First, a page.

Somehow, that Thanksgiving holiday passed way too quickly! In my family, it’s the Grandma’ – me – who goes over the river and through the woods to join family for any given holiday, an 8-hour drive. I don’t know how long I’m going to be able to drive so far for a few days, but I do know that asking my daughter to pack up a husband and three kids (the youngest is 3-1/2) and drive that far is a major production – and, most likely, an interruption in school for the older boys.
This year, the drive got me to thinking about the cars and trucks in our lives, and what they mean to us. I have a housemate at the moment, a woman originally from Russia, who grew up in Moscow. There’s no need to drive in Moscow any more than there is a need to drive in New York City; there’s plenty of public transportation, and the crowded city streets make owning a car and driving a pretty unreasonable proposition. So at my house, Natalia is gradually learning to drive; we live in a suburb, and there’s just no way she can get to her internship and various appointments unless she learns. She remains astonished at how much the West is dependent upon the car. But then, it was the railroad which opened up the West to white settlement, so speed and wide-open spaces were built into the idea of transportation here from the very beginning.
At my daughter’s house in northern Idaho – up on a hillside overlooking the stunning Lake Pend O’reille – not having a car is unthinkable. Diana’s husband, Bob, is a relief pharmacist who works several days a week in Yakima, Washington, a 5-hour drive away; he’s home intermittently, for a few days each week or every couple of weeks, depending on the needs of his job. As a result, Diana drives her three boys eight miles southeast to church on Sundays; 15 miles northwest to go shopping or to activities at the charter school the older boys attend; back eight miles southeast for a youth group that the boys enjoy, or for events like the annual 4th of July parade (in small-town America, those are the best kinds of parades!); and back 15 miles northwest for doctor’s appointments, getting repairs done on the car, or football and soccer practice. She lives in her car, as do the parents of millions of teenagers. Bob drives a little Ford Taurus for his long commutes to and from work; Diana and the boys enjoy the combination of toughness and luxury found in their Lincoln Navigator.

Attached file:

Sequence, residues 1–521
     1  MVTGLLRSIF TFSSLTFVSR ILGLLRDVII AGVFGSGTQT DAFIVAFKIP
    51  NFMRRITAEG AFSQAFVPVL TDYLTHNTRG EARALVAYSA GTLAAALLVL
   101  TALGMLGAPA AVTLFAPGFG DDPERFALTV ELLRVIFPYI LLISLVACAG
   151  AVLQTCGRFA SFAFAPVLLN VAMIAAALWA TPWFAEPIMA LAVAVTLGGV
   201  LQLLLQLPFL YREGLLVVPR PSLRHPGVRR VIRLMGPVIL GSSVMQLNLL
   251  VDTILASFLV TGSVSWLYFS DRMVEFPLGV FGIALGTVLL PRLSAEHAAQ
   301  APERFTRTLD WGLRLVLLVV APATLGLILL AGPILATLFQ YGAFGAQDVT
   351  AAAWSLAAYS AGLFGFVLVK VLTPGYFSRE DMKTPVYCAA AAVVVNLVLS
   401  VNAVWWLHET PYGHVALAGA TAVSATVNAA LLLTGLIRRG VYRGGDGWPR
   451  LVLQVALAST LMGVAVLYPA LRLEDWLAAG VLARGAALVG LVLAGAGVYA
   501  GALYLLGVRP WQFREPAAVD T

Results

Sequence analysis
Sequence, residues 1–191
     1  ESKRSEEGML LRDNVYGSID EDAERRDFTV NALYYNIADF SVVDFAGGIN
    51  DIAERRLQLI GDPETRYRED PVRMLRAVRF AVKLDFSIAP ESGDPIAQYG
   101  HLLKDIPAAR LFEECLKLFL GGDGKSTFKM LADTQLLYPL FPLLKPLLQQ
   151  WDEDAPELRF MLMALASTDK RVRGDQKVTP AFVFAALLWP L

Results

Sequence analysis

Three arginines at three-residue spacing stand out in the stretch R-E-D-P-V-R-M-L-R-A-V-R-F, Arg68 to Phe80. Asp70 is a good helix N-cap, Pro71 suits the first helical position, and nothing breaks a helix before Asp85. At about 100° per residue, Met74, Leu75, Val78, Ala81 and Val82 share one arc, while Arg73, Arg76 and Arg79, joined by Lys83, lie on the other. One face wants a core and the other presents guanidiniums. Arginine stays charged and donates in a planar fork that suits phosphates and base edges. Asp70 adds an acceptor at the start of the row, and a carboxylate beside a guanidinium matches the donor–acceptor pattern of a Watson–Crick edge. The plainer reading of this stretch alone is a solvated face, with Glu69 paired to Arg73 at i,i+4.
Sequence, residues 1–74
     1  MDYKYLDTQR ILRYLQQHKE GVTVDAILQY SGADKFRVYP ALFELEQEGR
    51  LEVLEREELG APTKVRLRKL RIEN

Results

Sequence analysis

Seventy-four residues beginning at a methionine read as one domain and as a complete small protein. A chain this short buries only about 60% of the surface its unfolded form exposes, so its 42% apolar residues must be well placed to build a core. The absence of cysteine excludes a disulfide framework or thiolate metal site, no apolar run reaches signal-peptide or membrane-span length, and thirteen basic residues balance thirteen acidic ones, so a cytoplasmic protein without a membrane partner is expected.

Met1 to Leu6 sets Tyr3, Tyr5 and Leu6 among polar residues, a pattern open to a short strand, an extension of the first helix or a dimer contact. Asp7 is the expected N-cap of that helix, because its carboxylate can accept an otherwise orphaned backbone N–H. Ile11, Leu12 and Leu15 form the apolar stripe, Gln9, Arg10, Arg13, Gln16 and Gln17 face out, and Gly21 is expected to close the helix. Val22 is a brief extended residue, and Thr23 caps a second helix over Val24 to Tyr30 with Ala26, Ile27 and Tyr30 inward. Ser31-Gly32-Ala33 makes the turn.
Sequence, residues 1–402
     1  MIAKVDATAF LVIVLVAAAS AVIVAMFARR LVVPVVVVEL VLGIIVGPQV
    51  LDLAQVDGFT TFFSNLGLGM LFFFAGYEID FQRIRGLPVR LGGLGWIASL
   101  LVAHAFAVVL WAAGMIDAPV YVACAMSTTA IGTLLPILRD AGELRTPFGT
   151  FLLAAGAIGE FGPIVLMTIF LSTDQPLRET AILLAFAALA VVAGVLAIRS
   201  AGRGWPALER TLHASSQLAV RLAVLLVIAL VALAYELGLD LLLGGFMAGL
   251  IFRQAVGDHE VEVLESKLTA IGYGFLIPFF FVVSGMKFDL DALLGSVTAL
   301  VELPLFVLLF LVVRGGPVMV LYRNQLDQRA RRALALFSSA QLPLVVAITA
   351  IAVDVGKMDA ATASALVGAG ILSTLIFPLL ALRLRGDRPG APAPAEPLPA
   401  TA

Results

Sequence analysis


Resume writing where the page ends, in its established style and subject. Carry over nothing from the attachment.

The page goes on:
Because Diana and Bob live on some extremely rural, forested acreage, they also have an old beater truck they inherited from friends who left the area. That old truck scarcely works, but it is pressed into service for trips to the local landfill and to haul wood off the property as needed. This is the kind of country for which pickup trucks were invented.
For all the years that I lived in Montana – 24, to be precise – I had four-wheel drive or all-wheel drive vehicles. These are necessary in the high mountain snow country, when you find yourself traveling somewhere in the state on a narrow, two-lane road that is getting pummeled by a harsh snowstorm. I used to love heading south to parts of Oregon or California and to gaze in wonder at what I called the “land of shiny cars and convertibles.” These weren’t new to me; I grew up in California. But now those cars had become a novelty. How nice it would be, I would think, to have some sporty little convertible to drive around in on warm summer afternoons. My mid-life crisis passed with my giving into the temptation – hang it all anyway!
I still have my all-wheel drive “baby SUV” – a Toyota Highlander – that I bought in Montana about 8 years ago. With just 117,000 miles on it, I intend to drive it into the ground before giving it up for a newer vehicle. It should go to 200,000 miles easily; and although I find myself, this year, drooling over the newer models, there’s just no way I can afford one right now. I’m glad I made a good, solid investment in a good vehicle when I had the chance; next to the mortgage, it’s been the big-ticket item in my life.
That’s probably true for most of us. Living in the West means, for the most part, living in an area that is heavily dependent on the automobile, and despite all our wishes to live differently – less dependent upon foreign oil, more environmentally responsible – that’s not going to change any time soon in this part of the country. As a result, our love affair with cars continues. When I first dated my husband back in high school, he had a royal blue ’57 Chevy station wagon with blue fur on the dashboard. If you pressed the horn, you heard chimes. I remember the first car I ever bought in my own name many years later, a little green Chevy; and I so well remember the first rush of gratitude I felt in Montana after learning the benefits of a four-wheel drive vehicle in rough terrain and rough weather. I cannot look at a Ford F-150 truck without remembering a ranch we once owned; was there ever a better ranch vehicle?
The cars and trucks of our lives: they aren’t merely practical. They cause a rush of sentimental memory many years after their useful lives are over.